It was a crushing defeat for Bugs Bunny and Mickey Mouse on Thursday at the Waukesha County Courthouse, as the Friends of Scott Walker successfully sued in order to ensure that those characters would not steal our recall process. Attorney Jeremy Levinson called the day’s events “political theatre”, an apt way to describe the arguments, rationale, and ruling that took place during the Walker v. Wisconsin Government Accountability Board (GAB) lawsuit hearing this afternoon.
Jay Bullock stated in a post earlier today, “The GOP, the party that opposes frivolous lawsuits and judicial activism, is jubilant today that its frivolous lawsuit produced a piece of judicial activism.” He’s correct. This case was frivolous and should have been dismissed.
A central argument presented by the Friends of Scott Walker was that because the Wisconsin GAB let one signature by “Bugs Bunny” slip through during the Holperin recall process, the agency could no longer be trusted to do its job.
As Kevin Kennedy, the director of the GAB, who has overseen nine recall elections in the last year alone, fielded questions about Bugs Bunny during his testimony, I’m not sure how he kept his frustration in check. When one of Walker’s lawyers asked Kennedy if the GAB had counted “Bugs Bunny” as a valid signature during the Holperin recall and Kennedy replied, “yes,” he tried to explain why it was counted, but the explanation didn’t seem to matter.
But context does matter. The reason Mr. Bunny’s vote was counted is an extremely important piece of evidence, as it proves that the GAB was not negligent. The GAB didn’t just allow Bugs to get his name through with a wink and a nod, like some idiotic, untrustworthy organization.
The GAB did not strike Bugs Bunny’s signature because the signature had not been challenged, and the agency can’t strike a signature without a challenge.
Jeremy Levinson, who was the attorney for the Democrats during the Holperin election, later explained why the signature had not been challenged. He said, “To get an affidavit dealing with the Bugs Bunny signature from Jim Holperin’s district which is…very far away from Madison, wasn’t worth the resources of the legal challenge because even if we had struck Bugs Bunny, Senator Holperin would still have had an election. That was a conscious decision, that didn’t slip through the cracks.”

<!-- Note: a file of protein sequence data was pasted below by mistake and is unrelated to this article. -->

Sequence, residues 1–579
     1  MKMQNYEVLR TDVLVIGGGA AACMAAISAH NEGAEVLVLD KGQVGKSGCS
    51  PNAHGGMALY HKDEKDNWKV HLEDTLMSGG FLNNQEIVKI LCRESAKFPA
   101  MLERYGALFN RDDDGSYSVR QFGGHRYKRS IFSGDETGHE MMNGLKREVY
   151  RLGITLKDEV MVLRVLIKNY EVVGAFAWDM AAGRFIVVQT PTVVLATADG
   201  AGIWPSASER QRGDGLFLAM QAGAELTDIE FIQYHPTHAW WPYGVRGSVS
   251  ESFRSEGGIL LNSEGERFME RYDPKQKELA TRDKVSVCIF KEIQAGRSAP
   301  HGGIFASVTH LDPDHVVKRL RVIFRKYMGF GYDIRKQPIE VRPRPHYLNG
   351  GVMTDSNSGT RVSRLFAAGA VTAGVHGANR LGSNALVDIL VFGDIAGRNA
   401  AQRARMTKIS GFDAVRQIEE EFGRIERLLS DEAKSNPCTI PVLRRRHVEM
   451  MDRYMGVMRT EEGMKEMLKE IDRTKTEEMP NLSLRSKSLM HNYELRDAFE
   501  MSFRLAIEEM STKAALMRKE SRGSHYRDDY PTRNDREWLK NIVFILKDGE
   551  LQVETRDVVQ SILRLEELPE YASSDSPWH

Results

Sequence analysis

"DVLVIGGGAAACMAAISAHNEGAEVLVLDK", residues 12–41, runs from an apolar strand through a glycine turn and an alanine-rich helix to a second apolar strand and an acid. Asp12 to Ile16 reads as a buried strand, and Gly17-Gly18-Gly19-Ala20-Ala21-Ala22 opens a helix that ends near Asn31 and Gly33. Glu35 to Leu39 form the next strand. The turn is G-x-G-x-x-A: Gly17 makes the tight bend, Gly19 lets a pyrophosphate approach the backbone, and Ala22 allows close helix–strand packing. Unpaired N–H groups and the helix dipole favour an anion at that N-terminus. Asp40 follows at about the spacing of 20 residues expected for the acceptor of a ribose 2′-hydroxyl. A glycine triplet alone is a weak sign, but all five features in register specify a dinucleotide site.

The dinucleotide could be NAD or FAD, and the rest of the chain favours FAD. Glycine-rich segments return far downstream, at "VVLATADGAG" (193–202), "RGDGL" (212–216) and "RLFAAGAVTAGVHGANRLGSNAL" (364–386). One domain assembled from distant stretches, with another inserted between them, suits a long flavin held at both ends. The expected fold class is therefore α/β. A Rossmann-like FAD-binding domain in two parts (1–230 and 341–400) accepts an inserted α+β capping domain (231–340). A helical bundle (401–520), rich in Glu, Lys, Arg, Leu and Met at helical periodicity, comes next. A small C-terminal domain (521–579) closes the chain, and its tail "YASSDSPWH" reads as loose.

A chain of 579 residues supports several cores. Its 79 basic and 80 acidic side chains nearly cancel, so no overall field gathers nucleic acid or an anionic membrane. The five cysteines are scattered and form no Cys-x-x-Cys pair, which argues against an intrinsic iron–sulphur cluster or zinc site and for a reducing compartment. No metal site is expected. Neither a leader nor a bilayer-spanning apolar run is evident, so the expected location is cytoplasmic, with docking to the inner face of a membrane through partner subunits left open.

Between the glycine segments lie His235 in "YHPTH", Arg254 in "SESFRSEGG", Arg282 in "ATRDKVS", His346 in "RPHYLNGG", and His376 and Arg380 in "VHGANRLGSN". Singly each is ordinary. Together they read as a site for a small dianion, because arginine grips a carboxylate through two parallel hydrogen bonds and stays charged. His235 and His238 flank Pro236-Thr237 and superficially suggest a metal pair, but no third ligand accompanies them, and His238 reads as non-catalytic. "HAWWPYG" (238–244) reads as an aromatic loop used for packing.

The Friends of Scott Walker also said they were worried about “eligibility of addresses” and “potential duplicate signatures.” They argued that Equal Protection rights were at stake, and cited the person who bragged about signing Walker’s recall petition eighty times as an example. They claimed that “that person takes away the voting right of a person who chooses not to sign.” The plaintiffs also said the GAB didn’t “sense an obligation to ferret out signatures” that may not be legit, due to comments GAB staff had previously made to the media.
The closing statements made by the GAB’s attorney were extremely compelling. He said “we shouldn’t make this up as we go along,” and that the plaintiffs were “attempting to micromanage” the staff review prior to the determination. He shot down the plaintiff’s claim of Equal Protection (“they’re really reaching”) and argued that this shouldn’t be a “case about staff comments.” Finally, “The whole process of review doesn’t have to be overturned because perfection cannot be guaranteed.”
In the end, the judge said he was concerned about published GAB remarks which “left an impression that they don’t intend to follow the law,” and that “if we let an unqualified person sign, each signature erodes the rights of qualified people because the pool of qualified electors is finite.” Judge Davis said the GAB has an obligation under the law to strike duplicate signatures, fictitious signatures, and signatures that are not eligible due to municipality.
Kevin Kennedy said he isn’t sure exactly what will change yet, as “that remains to be seen.” But I guess we can all rest easier tonight, secure in the knowledge that Governor Walker has protected the electorate from the likes of Bugs Bunny and Mickey Mouse.
Here’s my interview with Atty Jeremy Levinson. Warning: video quality is VERY rough: http://www.youtube.com/watch?v=coKu3NJHPdI